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Deep-sea discoveries off Canada's coast

In the year 2010, a group of researchers has got the first rare glimpse of of a marine life in the North Atlantic. They have used a high-tech robotic camera to discover this marine life that, they claim, could give a more in depth clue about the ecosystem of the under-sea world and the climate thereby some 1,000 years back. The submersible robot camera had been operated by the crew aboard the Canadian Coast Guard ship Hudson. This hi-tech underwater, robotic camera enabled the crew to reach around 500 meters deeper than they had reached ever before.

The submersible robotic camera sent deep under the see by the scientists returned back amazing images of tulip-shaped sponges, brightly colored corals, delicate pink stars and feathery organisms. This never-seen-before amazing organism were found scoured the bed of the ocean at a depth of around 9,800 feet [3,000 meters] off the Atlantic coast of Newfoundland.

A group of researchers from three Canadian universities and the Spanish Institute of Oceanography had worked on this for 20 days to study 11 zones under the protection of the North Atlantic Fisheries Organization. Exploring these zones was very important as there were "trees of the ocean," said Ellen Kenchington (one of the lead scientists in the expedition), research scientist with the Fisheries Department of Canada. Kenchington told CNN affiliate CTV from her office at the institute as pictures from the robot streamed on her computer, "It's been really spectacular. It's really changing our perception of the diversity that's out there. ... We're seeing new species in deeper waters." She also told the Montreal Gazette that the scientists could look at the coral's chemical composition, which helped them determining the temperature of the water and other relevant data from 1,000 years ago. she said, "That's how we are able to say if there is warming or a change in climate direction. In order to understand the present, we need to put it into context."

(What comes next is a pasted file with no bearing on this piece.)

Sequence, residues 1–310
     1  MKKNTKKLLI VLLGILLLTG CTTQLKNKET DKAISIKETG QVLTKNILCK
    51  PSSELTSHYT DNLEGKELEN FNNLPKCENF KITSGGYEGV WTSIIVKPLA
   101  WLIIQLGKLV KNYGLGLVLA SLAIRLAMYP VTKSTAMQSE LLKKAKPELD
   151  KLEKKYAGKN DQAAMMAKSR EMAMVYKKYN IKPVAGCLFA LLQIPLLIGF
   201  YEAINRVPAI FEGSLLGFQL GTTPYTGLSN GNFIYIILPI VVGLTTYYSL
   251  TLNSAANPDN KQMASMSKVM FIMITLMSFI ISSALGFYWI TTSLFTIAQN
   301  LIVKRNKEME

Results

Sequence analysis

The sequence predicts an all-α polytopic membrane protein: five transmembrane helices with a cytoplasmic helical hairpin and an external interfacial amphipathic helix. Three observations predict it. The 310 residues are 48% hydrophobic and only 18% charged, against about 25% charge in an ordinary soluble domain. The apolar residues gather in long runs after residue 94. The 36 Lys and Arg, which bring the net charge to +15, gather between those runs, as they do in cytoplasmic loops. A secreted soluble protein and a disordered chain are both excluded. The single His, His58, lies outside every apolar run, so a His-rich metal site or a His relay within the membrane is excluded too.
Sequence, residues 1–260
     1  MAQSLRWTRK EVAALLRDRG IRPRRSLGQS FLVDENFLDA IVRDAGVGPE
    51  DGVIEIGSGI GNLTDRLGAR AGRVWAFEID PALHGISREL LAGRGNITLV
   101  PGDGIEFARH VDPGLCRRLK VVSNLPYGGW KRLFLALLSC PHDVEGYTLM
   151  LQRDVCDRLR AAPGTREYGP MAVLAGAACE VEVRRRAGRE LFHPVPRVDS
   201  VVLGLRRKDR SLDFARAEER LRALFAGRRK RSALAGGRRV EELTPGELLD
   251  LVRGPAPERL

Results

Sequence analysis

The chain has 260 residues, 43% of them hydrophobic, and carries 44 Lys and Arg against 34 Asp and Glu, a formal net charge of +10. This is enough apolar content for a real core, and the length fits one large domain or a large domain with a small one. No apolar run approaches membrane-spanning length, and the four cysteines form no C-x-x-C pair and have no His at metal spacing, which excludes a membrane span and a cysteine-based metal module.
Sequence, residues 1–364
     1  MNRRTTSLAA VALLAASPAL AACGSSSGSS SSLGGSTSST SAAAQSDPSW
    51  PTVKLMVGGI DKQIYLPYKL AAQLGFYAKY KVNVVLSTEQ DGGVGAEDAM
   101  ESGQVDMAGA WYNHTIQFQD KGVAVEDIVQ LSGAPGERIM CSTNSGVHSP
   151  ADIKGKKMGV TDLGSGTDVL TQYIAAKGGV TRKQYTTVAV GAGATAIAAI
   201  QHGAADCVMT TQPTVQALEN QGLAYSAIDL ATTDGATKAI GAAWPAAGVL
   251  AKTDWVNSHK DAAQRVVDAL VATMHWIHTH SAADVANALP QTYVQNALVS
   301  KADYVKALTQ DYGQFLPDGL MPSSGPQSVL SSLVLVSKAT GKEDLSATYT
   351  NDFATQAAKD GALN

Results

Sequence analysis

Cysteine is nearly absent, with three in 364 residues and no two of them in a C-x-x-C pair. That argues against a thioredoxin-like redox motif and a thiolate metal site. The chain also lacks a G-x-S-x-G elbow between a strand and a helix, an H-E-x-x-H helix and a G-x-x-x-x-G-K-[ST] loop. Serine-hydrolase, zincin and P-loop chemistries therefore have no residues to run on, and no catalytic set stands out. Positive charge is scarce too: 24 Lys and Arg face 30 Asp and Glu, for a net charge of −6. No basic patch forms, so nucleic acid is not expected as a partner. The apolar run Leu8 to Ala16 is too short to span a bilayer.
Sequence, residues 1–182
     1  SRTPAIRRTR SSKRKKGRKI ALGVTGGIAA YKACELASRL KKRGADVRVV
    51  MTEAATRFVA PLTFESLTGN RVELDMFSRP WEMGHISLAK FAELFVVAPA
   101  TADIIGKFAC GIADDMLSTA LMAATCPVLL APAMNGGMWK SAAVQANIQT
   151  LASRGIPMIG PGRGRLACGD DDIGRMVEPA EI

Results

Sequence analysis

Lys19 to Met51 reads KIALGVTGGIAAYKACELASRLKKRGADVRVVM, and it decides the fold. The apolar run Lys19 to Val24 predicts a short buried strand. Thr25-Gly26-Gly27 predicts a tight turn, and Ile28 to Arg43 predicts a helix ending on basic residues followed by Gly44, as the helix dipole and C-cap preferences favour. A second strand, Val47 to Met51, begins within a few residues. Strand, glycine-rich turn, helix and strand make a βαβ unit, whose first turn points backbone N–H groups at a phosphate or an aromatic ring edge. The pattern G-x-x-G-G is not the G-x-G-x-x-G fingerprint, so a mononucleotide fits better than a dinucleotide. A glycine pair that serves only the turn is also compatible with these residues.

The finds were really interesting! The corals have been a highly successful life form for 250 million years. They are very tiny animals and polyps, which are genetically identical individuals. Interestingly, they can eat - kill plankton for food and also defend themselves. In the living process they use to secrete calcium carbonate, which becomes the basis for an external skeleton on which they sit. These hard calcified skeletal bodies can grow enormously big over long span of time to form coral reefs. T, which are amongst the very important part of the ecosystems and can provide shelter to over 4,000 species marine lives, including fishes.

According to the lead researcher Ellen Kenchington, the research would be helpful to "evaluate areas that are still too deep for current fishing technologies but could be accessible in years to come. This will enable us to give advice in the future about what types of organisms are in these areas before they're fished."